Mykolas Paškevičius

Mykolas Paškevičius was born in Riga, Latvia, in 1907. In 1914 his family moved to Belarus and settled in Vitebsk where he was enrolled in primary school. In 1922 he began studying at the Vitebsk Art School. At that time, the famous artist, Kazimir Malevich, was his teacher, and also V. Volkov, and T. Ende. Upon graduation he was accepted by the Leningrad (now St. Petersburg) Academy of Art and studied under such noteworthy artists as A. Rylov and Petrov-Vodkin. having finished his studies at the Academy, he returned to Minsk, capitol of Belarus, where he worked independently as an artist, joined the local Art League, and had his work exhibited in Moscow's Tretiakov Gallery.

When the Germans occupied Minsk at the beginning of WW II Paškevičius succeeded to escape to Kaunas, Lithuania, where for a few years he was able to participate peacefully in the artistic life of the city. In 1944, he fled the war again and arrived in Bavaria where he and his family were given shelter by the Americans in a Displaced Persons' Camp. In 1949 he emigrated to the USA.

Mykolas Paškevičius works mostly in acrylics, painting portraits and motifs found in nature. His style is expressionistic, stressing the movements of line and color, thus giving strength and individuality to his subjects. The delicacy and the spontaneity of the brush strokes, the sparing use of vivid color, the limited amount of abstraction in his narrative are the trademarks of this poetic painter.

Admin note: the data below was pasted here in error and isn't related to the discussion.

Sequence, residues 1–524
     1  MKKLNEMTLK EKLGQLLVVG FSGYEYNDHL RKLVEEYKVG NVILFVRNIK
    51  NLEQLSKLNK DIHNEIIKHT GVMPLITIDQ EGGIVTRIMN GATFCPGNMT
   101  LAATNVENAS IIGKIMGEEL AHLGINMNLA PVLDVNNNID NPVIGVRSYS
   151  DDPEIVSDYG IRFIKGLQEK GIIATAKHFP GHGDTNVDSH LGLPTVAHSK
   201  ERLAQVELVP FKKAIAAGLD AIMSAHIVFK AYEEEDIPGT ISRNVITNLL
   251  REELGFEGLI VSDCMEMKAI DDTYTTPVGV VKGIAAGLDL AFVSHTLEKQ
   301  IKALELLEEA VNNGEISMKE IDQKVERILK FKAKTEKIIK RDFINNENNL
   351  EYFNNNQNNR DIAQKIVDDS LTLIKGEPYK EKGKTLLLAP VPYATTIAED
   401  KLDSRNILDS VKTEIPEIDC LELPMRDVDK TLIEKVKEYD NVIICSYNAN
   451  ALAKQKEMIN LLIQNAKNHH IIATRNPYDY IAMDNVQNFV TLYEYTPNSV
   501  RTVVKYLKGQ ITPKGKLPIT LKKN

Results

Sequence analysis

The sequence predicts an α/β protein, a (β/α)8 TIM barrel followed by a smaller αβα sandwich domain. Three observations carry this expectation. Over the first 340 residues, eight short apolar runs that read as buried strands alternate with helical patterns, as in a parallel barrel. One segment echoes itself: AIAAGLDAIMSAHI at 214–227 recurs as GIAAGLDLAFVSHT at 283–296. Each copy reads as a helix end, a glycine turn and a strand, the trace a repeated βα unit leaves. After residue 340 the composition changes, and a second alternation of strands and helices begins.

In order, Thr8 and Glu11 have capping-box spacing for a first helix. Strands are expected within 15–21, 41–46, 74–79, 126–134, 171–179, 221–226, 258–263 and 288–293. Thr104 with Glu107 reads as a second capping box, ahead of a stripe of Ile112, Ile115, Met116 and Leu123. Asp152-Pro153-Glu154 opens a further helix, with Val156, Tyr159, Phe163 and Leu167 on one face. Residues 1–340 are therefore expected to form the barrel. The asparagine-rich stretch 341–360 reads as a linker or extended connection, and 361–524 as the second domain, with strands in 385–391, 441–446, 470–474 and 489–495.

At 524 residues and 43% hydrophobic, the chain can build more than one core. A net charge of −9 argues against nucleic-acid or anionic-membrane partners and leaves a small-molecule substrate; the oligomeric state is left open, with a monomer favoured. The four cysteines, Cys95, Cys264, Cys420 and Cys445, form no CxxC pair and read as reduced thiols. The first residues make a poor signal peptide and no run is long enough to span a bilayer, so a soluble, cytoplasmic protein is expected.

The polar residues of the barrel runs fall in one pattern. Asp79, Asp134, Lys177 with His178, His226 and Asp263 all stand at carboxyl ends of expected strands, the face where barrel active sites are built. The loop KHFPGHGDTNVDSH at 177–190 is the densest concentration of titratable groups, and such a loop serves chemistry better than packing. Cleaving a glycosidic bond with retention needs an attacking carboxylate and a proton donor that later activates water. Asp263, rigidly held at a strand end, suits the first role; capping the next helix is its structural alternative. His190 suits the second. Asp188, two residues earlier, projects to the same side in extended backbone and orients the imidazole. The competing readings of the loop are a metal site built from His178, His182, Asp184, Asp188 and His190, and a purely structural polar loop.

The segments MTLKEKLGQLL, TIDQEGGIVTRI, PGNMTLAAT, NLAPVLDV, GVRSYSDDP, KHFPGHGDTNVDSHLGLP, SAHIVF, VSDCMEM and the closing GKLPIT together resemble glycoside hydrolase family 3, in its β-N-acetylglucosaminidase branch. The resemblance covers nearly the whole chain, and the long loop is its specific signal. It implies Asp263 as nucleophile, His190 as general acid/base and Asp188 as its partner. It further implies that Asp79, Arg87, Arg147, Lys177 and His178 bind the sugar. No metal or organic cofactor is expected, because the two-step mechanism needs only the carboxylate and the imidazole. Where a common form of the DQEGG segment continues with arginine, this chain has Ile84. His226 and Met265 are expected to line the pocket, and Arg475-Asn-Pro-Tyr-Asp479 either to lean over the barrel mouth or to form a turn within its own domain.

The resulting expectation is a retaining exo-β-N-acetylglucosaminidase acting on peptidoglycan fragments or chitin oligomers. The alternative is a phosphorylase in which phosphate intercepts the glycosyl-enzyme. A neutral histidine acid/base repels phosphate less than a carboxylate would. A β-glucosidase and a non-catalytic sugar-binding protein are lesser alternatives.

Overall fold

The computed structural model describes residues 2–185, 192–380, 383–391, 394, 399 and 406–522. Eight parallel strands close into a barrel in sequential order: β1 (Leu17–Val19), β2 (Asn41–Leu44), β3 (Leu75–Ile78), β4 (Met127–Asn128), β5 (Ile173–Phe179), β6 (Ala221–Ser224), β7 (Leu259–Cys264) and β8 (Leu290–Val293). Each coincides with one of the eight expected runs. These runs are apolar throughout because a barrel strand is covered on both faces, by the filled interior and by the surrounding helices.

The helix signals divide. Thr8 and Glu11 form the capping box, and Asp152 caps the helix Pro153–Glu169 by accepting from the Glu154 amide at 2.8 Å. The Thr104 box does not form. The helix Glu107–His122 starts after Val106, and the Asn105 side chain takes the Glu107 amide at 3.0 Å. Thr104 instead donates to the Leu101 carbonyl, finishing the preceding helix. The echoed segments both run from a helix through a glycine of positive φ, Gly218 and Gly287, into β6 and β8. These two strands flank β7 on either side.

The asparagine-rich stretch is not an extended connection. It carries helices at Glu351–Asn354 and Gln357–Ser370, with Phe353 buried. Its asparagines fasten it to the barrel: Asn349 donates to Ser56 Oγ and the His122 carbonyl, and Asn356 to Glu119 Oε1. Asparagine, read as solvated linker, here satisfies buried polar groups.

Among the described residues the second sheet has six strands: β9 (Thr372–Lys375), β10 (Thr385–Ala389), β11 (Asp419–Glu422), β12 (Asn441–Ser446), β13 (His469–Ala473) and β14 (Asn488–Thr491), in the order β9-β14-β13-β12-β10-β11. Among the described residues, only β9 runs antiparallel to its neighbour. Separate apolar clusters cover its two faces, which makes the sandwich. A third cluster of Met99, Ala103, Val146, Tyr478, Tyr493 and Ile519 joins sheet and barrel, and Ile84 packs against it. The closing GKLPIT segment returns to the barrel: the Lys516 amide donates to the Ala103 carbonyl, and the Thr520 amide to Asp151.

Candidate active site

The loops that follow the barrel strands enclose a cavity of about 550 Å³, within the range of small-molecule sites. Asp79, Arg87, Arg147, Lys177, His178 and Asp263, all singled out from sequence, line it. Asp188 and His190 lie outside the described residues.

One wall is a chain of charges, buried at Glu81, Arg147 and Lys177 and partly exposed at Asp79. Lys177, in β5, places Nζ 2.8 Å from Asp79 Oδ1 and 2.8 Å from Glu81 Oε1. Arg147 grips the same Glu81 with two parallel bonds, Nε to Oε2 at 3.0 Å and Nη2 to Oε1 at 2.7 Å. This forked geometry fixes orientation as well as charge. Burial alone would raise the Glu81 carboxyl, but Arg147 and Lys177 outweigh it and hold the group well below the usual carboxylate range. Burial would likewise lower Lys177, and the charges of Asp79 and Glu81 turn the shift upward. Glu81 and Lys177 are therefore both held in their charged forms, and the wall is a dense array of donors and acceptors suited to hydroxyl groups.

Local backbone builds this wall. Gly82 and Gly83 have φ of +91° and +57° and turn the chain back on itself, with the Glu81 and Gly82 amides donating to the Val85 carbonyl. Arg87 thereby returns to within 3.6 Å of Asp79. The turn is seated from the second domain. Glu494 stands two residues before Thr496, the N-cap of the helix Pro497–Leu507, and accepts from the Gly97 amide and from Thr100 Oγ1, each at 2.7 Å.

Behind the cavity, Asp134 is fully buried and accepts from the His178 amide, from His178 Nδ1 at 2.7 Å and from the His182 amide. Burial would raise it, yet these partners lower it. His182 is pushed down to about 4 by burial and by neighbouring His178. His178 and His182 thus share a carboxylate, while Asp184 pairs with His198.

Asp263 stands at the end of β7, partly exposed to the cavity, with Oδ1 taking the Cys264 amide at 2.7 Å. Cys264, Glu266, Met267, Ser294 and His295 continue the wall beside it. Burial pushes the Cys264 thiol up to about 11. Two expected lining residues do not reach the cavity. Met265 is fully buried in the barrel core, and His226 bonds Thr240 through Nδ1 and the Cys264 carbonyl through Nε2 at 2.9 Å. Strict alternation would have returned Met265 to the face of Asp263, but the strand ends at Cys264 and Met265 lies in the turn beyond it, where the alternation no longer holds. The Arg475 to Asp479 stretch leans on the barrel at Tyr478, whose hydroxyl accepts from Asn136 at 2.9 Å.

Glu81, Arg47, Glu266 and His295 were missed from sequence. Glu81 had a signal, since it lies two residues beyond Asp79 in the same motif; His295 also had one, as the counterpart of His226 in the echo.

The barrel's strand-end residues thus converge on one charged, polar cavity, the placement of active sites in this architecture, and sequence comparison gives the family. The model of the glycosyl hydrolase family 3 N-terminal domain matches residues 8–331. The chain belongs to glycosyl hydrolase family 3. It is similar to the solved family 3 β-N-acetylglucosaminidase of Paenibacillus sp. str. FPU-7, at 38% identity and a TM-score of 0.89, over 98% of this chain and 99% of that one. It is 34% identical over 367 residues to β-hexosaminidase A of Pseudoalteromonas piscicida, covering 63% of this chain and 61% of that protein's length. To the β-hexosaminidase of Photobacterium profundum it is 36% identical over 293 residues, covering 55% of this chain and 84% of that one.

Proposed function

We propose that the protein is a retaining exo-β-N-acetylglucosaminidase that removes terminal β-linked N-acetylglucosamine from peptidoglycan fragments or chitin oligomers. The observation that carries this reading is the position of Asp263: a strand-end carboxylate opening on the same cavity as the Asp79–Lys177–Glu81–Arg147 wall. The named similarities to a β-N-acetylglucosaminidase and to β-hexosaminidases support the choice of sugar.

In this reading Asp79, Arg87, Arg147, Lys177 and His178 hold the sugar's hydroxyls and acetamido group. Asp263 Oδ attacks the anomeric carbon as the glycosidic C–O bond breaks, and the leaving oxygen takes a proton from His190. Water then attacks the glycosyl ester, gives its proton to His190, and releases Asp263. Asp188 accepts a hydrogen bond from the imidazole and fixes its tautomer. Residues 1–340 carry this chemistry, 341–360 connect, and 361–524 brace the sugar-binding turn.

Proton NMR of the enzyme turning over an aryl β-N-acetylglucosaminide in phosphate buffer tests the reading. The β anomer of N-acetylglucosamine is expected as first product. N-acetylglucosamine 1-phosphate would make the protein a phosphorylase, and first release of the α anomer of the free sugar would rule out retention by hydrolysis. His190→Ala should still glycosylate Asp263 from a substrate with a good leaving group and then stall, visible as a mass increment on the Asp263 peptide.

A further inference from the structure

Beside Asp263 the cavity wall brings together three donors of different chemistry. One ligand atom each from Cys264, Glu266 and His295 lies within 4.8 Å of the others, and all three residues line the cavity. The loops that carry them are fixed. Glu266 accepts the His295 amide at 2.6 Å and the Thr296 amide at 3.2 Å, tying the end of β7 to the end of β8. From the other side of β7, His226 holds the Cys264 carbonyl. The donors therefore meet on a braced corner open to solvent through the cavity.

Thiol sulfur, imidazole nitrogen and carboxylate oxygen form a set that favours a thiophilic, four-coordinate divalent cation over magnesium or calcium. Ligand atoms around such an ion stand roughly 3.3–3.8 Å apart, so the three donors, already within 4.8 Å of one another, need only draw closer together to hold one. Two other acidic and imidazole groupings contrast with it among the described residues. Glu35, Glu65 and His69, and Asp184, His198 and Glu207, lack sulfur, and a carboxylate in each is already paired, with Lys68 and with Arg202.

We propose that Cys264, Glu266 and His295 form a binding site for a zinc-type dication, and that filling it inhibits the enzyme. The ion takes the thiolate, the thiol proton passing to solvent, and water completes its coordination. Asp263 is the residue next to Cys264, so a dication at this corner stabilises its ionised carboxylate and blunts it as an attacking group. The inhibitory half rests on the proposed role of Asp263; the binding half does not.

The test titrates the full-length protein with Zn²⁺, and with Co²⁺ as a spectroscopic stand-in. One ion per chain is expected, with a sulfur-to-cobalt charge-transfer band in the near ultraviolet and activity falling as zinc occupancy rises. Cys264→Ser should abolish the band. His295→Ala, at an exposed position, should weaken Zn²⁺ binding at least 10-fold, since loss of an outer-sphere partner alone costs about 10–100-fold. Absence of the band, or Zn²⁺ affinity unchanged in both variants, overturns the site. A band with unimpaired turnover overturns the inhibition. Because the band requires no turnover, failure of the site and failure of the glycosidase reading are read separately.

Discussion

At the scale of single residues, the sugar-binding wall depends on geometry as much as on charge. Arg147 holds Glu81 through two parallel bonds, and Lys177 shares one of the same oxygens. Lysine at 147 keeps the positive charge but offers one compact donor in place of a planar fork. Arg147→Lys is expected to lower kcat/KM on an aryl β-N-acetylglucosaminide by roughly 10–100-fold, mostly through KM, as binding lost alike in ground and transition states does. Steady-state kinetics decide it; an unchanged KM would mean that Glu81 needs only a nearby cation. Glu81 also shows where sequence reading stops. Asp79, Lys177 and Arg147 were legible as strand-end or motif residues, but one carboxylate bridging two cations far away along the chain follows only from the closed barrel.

In Paškevičius' viewpoint, the universality of a work of art consists in the universality of the purest elements of artistic expression, or, as Paškevičius puts it, in the perfection of form and in the rest of the esthetic ingredients that go by that name. Using these means in a highly-polished manner, Paškevičius aims at exploring the "inner" soul of the objects he is fond of painting.

There is strength in this conglomeration of lines and shapes. The subject of the painting is built up out of the multitudinous individual compositional elements, which give the impression that they are the ones which take precedence over everything else in the picture. From these elements emerge a human face, a figure, a portrait, a galloping horse, a scene of the crucifixion, making a powerful and unforgettable impression. Untold pain cripples the entire body of the Crucified. There is unfathomed suffering in the embrace of the two figures standing by the cross, and absolute command in the pianist's face and hands as he concentrates on the keyboard. And what an outburst of energy and grace for those galloping horses! There is not a single straight line in these drawings that would delineate the figures in a more urbane manner. The lines are not even properly "connected", only hinted at. But they are placed in strategic points, so that there is room for the viewer's imagination to roam.